Spring is in the Hair - Example of Imagery Used for Lead Generation
Above: www.springisinthehair.com use various photographs of their stylists working with clients in their salon
  • Team photos – Put some faces to names by including images of your team. This could be head shots in a ‘Meet the Team’ section, but it could also be them carrying out the work you are advertising for, such as a staff member in a workshop working on a bespoke chandelier. 

  • Before and after photos – Demonstrate exactly what types of transformations you can offer by including before and after photos of recent photos. Sometimes words are not enough to get across how incredible your work is, so show potential customers exactly what you do. 

  • Case study videos – If you have a fantastic case study you want to promote, consider creating it in video format. It can be a much more interesting and engaging way to get across large amounts of information quickly and easily.

Include Pricing Information


Very rarely would you walk into a shop, pick up an item and proceed to the till without knowing how much the item costs. That is because pricing is a critical decision factor for most of us, and eCommerce websites understand this. Pricing, including delivery costs, are usually displayed clearly on product pages, and are reiterated throughout the checkout process. Before that final submit button is pressed, the individual knows exactly how much they will be spending. Whatsmore, that individual has all the information they need at every step of the way to decide whether or not the product is financially visible for them.


For Lead Gen companies, providing pricing is a useful way to allow people to ‘self qualify’ themselves, and help to reduce the amount of unsuitable leads they receive. If pricing is made clear to the individual on a landing page, then they have the pricing information they need to determine whether or not this is a provider they can afford to go with.

Whilst the nature of many Lead Gen companies would make it impossible to provide a specific cost for their product/service, offering at least some indication of pricing will help landing page visitors to see if you are the right fit for them.

Some options for including pricing information on your landing page include:

  • Prices start from £XYZ
  • Minimum spend of £XYZ
  • XYZ start from £XYZ
  • £XYZ minimum call out fee
FWP Plumbers - Examples of Services Listed for Lead Generation
Above: www.fwpplumbersnottingham.co.uk provide a breakdown of costs for each of their services, including costs for each additional 15-minute interval

 

It is not about giving them the exact costs, but setting pricing expectations to save you both time in the long run. There’s no point in nurturing a lead only to find out at the very last stage that your pricing is out of their budget!

Abandon Cart = Remarketing


Have you ever started to exit a website during the middle of purchase and had an offer pop up? Many eCommerce websites use this as part of their ‘Abandon Cart’ strategy to encourage users to complete their transaction. They know they already have the interest and attention of that individual, so they want to keep them from exiting the site. By providing a well timed offer, these websites hope to provide visitors with that final push to convince them to commit to a purchase.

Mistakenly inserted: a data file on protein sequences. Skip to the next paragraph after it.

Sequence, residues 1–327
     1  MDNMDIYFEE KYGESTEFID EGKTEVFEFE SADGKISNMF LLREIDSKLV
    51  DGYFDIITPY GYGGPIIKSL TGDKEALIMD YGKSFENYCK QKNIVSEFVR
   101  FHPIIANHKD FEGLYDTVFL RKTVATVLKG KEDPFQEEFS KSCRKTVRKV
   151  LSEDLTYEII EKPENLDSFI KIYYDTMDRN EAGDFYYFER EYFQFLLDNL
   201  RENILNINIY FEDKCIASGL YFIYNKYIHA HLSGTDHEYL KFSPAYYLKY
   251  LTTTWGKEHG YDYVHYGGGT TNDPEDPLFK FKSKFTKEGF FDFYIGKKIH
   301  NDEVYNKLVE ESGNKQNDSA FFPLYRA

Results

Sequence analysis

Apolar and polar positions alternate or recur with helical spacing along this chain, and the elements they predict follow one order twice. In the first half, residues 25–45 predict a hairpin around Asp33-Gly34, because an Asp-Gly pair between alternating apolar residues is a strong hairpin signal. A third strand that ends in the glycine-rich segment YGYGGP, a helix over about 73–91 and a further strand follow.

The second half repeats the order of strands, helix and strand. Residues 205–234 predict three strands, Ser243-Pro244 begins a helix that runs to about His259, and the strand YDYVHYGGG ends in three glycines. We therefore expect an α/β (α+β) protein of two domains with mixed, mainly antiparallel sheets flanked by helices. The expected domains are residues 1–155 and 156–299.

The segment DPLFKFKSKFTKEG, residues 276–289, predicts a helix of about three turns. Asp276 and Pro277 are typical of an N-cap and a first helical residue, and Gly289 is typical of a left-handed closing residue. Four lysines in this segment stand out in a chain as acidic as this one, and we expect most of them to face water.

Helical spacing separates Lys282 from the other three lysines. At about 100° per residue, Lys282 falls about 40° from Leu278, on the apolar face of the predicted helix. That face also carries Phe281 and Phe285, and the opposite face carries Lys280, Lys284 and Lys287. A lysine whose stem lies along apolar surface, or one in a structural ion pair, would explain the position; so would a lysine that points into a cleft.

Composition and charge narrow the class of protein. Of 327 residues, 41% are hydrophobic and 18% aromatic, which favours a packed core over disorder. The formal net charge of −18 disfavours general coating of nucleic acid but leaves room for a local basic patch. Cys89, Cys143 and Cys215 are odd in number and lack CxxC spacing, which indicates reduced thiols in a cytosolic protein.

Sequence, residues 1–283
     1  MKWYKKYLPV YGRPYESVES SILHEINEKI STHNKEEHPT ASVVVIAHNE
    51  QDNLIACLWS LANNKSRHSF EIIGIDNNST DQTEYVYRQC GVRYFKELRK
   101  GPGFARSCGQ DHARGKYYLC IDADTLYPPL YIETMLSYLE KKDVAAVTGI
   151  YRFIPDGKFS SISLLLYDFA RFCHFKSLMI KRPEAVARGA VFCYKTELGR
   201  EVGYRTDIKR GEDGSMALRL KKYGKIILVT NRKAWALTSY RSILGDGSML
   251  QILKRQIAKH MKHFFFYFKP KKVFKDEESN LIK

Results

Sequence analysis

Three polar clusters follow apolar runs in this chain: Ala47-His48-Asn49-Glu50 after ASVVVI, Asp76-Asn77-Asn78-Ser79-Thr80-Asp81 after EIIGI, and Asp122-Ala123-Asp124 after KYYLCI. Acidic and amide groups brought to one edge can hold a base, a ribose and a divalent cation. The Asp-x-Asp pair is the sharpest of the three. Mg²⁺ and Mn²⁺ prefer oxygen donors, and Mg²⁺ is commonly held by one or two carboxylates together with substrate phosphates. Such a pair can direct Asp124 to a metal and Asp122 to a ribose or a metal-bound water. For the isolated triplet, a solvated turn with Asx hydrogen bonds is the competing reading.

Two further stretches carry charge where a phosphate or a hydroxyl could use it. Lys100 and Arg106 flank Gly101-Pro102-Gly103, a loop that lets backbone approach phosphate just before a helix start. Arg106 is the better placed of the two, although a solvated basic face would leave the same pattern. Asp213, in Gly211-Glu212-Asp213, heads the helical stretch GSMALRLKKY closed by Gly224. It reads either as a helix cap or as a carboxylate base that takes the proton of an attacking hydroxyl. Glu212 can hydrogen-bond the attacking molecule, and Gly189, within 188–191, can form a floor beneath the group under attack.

Lead Gen websites can implement something similar by utilsing Remarketing Display campaigns. Whilst not specifically a landing page feature, you are utilsing audience lists built with visitors of your pages.

Remarketing Display campaigns allow advertisers to reach out to previous site visitors to encourage them to return to your site to convert through image ads. This is a great opportunity to reconnect with individuals who may be continuing their research or taking some time to consider their options. By reminding them of your brand, you can stay at the top of their mind.

Whilst you may not be able to offer a monetary offer as in the case of eCommerce sites, you can still give them that little bit of extra information they need to convince them to return to your site. You should craft the copy of your ad to include persuasive messaging regarding your product or service. This could be information regarding availability (Appointments available this week, now taking bookings…), welcoming new clients (Now taking on new clients, new clients welcome…) or a unique selling point which makes you stand out from your competitors (Over 25 years’ experience, award winning service, 5 star rating…). 

Delivery Times = Response Time


Delivery and processing times are all over eCommerce websites. From how long it will take them to dispatch your order, to how long it will take to get to you and how long it takes to process a return, this information is always made clear and transparent on eCommerce websites. It helps customers to know what to expect, because we feel more reassured when we know timescales. However, what Lead Gen websites don’t do very often is setting these types of time expectations on their landing pages. We’ve all completed contact forms and had no idea if it had even been submitted properly.


Adding information regarding how long they should expect to hear a response from their form submission is a great way to start forming these expectations. If you have a set response time, then include it, if not, then be broad. For example:


‘Thank you – we will respond to you via email within 48 hours to confirm your booking.’

SonarSource - Example of Follow Up Lead Generation
Above: www.sonarsource.com inform those who have submitted contact forms that a representative will be in touch shortly

Another option is to include information about what the process is following their form submission. For example:

‘Thank you – we will now review your application and check your requirements against what we have available to rent. A representative will be in contact within 3 business days.’

Or if you will need to contact them to get further details to be able to process their lead, then let them know what too. For example:

‘Thank you – we will be in touch via phone call within the next 24 hours to discuss your case in further detail. Please ensure you have your case ID and driving license number on hand.’ 

Reassure people that you have received their form and let them know the next steps ahead. Not only will it help with setting their expectations, but it is a good sign that you will be proactive in handling their submission and are appreciative of their business.  

Enhancing Experiences With Lead Gen

 

There’s a lot of concepts that Lead Gen landing pages can take from eCommerce sites. They may require a more creative approach to implementing them, but they can be a fantastic way to improve the experience you are providing your site visitors. We all rely on our websites to take site visitors over the line, so let’s keep exploring each other’s work to be inspired for our own.